Knotted Back Muscles – Back Pain Relief With Celtic Knot

Knotted Back Muscles – Back Pain Relief With Celtic Knot

Hi, Alan Stratton, from As Wood Turns (
In the last video, I made this handle for a pigtail barbecue turner, flipper actually,
and I incorporated a Celtic knot. I’m going to use the Keltic pronunciation from now on.
I realize that that may still offend some people but “C’est la Vie!”.
Several suggestions came back that I not cut completely thru the wood, that I lower the
sawblade just a little bit to leave a bit of wood to maintain the distance and that
would improve the knot. I’m going to try that out on this project. At the same time,
Michael suggested that I try to do a three way Celtic knot. Okay, Michael, challenge
taken. So here is a three way Celtic knot. It’s a little bit different. I had to jig
up a little bit different way and I did not cut completely thru. I think it’s successful.
Now, this was a four way—this is a three way. Now, If you want to do a five or six
way, just to prove it can be done and see what the differences are, I’ll do that if
there are enough comments down below this video.
So, if you want to see a five or six way lobe, Celtic knot, let me know. If there are enough,
then I’ll do it. The same process that I used for this three
way can be used, I think, for any number of loops in a Celtic knot.
Let’s go for it. Let’s make a Celtic knot…. What is this? Well, it actually is for back
pain that you can rub on somebody’s back – on the flat; massage out a knot with the
big end; if it needs more specialized pressure, massage out the knot with the small end.
So let’s make relief for your back pain. I believe the key to accurately cutting the
slices for this three loop Keltic knot to be positioning the wood’s rotation. For
square stock, this means simply milling the wood to a perfect square. For a three loop,
I could have milled the wood to a triangle but that’s a lot of work and error prone.
My solution is to cut a pair of triangles with two critical characteristics. They are
(1) large enough for my square stock to fit inside the triangle while (2) the center of
the triangle corresponds to the center of the wood. So the first step is to draw a pair
of triangles – I used Powerpoint to make patterns; glued the paper to a piece of plywood;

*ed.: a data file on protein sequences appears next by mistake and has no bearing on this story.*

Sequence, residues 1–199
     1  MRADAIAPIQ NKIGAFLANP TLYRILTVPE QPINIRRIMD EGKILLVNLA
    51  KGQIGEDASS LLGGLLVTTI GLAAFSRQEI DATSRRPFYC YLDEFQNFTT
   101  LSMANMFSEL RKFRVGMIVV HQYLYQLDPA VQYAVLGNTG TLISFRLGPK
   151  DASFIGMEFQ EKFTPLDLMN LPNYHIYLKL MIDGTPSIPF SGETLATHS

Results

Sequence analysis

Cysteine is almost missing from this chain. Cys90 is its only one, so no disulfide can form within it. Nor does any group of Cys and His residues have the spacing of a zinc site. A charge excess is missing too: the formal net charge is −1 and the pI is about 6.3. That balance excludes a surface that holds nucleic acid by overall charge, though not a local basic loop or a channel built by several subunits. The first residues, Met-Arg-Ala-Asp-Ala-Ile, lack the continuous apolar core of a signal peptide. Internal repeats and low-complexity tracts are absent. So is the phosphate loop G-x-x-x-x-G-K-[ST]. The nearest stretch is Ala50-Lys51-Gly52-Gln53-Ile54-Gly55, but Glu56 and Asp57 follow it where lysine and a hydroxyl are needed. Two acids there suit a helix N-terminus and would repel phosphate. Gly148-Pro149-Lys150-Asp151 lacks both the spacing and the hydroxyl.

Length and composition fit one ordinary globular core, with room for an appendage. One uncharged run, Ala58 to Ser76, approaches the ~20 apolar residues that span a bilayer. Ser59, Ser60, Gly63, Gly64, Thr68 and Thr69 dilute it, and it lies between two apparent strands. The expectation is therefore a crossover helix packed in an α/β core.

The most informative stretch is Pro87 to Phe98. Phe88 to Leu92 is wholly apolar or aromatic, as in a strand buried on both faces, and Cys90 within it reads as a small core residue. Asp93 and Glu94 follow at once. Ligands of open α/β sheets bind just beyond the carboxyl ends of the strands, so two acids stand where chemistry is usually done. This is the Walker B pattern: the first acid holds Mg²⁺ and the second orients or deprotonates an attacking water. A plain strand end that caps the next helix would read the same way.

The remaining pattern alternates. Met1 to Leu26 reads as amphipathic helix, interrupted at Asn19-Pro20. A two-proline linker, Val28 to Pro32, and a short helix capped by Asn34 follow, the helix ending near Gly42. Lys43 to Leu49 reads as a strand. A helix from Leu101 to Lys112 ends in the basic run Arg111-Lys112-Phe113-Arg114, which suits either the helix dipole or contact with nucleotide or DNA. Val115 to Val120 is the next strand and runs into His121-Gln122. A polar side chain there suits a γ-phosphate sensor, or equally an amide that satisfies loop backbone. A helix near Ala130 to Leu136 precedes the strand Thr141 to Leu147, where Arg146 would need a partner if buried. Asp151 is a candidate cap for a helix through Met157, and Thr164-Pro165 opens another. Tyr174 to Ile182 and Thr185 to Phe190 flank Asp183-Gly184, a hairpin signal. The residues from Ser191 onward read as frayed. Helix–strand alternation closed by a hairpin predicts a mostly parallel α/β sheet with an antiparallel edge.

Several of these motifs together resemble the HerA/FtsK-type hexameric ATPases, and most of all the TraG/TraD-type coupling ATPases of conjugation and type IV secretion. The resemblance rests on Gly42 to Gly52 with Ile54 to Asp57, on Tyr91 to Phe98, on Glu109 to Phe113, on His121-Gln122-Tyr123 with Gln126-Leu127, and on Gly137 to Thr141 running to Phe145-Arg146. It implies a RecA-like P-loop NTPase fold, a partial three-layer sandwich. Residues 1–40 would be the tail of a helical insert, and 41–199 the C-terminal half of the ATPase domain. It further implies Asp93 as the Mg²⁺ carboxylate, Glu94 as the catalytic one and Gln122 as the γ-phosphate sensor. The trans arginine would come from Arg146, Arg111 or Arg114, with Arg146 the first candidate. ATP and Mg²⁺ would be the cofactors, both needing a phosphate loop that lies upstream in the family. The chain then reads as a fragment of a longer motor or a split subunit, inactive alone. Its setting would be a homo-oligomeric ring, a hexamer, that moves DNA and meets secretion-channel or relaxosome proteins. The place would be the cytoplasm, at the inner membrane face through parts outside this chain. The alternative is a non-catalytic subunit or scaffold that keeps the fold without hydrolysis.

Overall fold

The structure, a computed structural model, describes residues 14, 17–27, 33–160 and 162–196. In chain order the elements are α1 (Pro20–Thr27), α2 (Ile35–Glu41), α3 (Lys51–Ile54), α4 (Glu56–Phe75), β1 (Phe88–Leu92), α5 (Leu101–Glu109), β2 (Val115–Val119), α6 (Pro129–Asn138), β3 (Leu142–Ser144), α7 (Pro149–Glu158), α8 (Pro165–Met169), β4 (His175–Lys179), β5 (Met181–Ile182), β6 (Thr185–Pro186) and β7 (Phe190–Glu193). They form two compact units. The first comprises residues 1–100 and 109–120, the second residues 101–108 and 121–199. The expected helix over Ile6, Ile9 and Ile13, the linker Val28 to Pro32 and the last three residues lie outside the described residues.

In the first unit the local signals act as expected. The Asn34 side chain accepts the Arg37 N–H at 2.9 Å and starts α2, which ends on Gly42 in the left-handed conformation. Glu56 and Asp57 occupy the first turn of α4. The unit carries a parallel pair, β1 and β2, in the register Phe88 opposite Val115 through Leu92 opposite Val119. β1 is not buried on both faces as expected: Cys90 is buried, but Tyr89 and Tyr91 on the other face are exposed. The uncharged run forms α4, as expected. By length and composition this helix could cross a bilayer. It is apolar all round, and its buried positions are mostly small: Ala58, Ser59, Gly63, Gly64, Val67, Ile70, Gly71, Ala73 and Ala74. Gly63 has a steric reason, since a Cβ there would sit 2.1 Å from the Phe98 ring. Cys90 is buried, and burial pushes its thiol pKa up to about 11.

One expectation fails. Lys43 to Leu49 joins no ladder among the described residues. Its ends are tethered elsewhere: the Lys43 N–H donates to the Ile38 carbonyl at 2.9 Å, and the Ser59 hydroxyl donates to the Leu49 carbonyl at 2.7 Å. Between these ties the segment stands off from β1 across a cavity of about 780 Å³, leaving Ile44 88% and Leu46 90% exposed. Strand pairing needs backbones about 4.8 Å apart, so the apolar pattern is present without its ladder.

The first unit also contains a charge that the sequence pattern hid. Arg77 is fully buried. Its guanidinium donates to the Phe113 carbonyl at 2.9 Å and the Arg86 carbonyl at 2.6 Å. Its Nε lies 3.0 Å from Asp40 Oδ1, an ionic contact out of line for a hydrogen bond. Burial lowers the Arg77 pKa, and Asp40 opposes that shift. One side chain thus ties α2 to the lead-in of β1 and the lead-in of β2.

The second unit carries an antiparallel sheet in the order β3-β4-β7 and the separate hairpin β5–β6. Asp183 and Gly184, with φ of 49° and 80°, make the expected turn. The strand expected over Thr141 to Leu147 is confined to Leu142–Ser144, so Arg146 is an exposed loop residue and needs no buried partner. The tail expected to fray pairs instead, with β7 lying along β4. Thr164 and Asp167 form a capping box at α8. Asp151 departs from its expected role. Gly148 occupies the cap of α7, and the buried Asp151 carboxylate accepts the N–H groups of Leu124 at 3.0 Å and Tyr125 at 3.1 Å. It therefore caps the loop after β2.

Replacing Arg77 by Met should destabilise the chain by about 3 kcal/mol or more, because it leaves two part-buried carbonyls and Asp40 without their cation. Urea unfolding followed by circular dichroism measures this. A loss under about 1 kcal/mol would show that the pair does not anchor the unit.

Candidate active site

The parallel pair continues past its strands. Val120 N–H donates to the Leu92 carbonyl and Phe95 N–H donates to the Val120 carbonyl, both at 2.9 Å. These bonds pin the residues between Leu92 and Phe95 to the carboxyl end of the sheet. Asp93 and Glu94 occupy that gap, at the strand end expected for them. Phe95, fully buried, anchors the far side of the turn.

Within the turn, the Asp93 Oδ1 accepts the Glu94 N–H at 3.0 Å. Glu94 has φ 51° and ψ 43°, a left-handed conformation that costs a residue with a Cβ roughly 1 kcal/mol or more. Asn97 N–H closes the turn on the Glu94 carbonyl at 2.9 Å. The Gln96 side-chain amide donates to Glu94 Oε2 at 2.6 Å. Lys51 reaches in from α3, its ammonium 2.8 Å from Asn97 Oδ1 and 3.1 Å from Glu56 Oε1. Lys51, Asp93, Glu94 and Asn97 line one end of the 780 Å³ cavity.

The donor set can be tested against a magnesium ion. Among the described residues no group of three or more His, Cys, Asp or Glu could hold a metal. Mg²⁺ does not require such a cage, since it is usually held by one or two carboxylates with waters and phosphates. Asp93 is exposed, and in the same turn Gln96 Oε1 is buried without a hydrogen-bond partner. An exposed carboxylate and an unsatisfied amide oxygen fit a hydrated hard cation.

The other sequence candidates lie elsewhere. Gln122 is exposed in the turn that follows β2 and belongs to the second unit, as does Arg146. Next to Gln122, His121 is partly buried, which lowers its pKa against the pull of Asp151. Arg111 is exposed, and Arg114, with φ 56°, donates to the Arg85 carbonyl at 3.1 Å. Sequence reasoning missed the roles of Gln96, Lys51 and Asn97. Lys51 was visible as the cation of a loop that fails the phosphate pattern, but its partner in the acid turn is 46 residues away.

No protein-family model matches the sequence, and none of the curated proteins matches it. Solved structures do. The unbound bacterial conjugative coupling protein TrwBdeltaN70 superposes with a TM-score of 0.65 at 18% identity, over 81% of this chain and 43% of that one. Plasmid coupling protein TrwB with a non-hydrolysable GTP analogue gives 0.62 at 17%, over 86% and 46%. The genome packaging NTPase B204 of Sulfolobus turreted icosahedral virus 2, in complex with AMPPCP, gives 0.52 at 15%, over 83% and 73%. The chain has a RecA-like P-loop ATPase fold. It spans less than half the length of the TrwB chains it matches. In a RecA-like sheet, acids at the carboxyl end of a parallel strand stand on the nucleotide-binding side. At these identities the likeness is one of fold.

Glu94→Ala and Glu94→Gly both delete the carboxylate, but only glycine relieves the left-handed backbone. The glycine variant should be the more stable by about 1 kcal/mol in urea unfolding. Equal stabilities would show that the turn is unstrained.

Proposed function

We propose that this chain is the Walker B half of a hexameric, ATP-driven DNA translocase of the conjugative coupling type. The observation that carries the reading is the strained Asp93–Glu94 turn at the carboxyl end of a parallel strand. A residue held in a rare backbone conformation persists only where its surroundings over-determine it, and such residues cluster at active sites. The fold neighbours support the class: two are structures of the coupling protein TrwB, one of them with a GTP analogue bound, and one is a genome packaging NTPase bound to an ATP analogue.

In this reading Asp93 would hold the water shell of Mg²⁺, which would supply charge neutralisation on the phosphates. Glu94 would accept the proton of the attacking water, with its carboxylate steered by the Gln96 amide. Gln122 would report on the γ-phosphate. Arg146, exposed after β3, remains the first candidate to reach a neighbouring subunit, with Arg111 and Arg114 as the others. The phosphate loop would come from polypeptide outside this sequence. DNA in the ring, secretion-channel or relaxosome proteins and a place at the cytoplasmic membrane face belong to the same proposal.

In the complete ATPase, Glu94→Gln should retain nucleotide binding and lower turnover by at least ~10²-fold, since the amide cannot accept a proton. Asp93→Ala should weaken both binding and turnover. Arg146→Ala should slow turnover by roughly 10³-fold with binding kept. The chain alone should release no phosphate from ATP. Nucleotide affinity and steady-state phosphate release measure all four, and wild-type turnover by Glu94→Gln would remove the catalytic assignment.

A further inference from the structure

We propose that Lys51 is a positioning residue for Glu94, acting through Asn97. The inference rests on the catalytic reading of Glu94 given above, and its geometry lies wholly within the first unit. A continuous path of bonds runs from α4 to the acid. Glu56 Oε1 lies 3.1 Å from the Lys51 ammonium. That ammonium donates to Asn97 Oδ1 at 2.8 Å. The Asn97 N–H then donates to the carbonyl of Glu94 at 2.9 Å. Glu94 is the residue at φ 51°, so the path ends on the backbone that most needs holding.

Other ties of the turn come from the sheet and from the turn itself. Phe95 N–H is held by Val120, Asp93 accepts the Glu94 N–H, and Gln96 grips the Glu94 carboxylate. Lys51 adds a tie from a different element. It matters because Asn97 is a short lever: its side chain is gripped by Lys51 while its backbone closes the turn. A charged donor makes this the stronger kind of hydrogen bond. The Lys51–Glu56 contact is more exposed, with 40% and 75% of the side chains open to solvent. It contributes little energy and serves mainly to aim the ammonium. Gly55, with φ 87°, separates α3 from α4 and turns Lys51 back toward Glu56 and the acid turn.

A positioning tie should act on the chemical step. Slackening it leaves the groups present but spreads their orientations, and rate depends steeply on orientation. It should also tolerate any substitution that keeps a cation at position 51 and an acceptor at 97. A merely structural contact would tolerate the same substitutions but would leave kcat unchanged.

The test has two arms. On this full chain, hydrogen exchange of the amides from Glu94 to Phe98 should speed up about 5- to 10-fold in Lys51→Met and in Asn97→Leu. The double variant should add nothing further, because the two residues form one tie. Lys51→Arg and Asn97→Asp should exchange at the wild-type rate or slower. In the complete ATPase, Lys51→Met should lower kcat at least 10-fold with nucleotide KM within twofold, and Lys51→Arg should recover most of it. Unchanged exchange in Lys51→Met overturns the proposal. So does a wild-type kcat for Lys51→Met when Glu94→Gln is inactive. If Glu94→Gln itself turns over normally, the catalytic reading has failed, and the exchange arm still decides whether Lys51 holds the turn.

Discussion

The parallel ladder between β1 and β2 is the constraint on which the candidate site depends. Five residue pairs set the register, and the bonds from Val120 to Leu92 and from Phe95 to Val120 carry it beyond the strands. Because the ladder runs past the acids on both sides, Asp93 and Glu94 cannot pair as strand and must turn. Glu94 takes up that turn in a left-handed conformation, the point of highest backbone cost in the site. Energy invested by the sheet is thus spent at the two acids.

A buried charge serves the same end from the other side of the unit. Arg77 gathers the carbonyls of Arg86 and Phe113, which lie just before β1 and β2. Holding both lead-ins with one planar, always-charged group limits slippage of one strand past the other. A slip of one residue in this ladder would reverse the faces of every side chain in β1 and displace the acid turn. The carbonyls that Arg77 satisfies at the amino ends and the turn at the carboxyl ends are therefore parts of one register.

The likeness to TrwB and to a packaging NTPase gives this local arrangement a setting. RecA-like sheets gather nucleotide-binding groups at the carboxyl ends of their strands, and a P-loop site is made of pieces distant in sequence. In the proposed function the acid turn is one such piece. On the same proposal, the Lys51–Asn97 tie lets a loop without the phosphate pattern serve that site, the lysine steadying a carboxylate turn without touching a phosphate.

and rough cut the plywood a little bit large. Next, sand the wood to the pattern. I took
a class from a patternmaker who could reproduce almost any part with a master pattern, a knife,
bandsaw, and sander. Gary could sand to the middle of a knife mark. I found that much
more accurate than trying to measure and cut with a saw.
Next with a hole in the triangle’s middle and holes at the center of the timber’ ends,
I aligned the middle of the triangle to the middle of the wood with a nail, then used
hot melt glue to fasten everything together. Much easier to build up just the end of the
wood with the plywood than to mill a large hunk of cherry that would mostly wind up as
shavings on the floor. I have a sliding miter table that has proved
mostly useless. I finally found a good use for it with this project. I set the saw cut
for 30 degrees and the depth to be just a little less than the thickness of the wood.
For insurance, I CA glued another piece of plywood to the upper side to stiffen the wood
despite the saw kerf. After the next gluing step the CA easily sheared off. I wanted the
timber to be long enough to safely cut and handle. With this much wood, I can try to
get two back pain tools from this piece. I milled my walnut inserts to just fit the
saw kerf. I coated the surfaces with Titebond Original Extend and did my best to get glue
inside the saw kerf. The disadvantage of this method is the risk of inadequate glue inside
the kerf. I used the insert to try to get glue to the inside. It was not time to skimp
on glue. Now for the second cut. Again set the cut
depth to leave some wood holding everything together. Again, I decided to reinforce the
wood with some plywood. This time for the glue up, I pre-shaped the
walnut pieces. They’re somewhat odd shaped. The problem is they only go in one way and
I got mixed up between the four corners and two sides. By the time I found the right combination,
I figured I had a good coating of glue inside the kerf.
The third cut is a lot like the others. Set the saw depth and reinforce the side of the
wood with some plywood. This time for the glue up, I labeled the walnut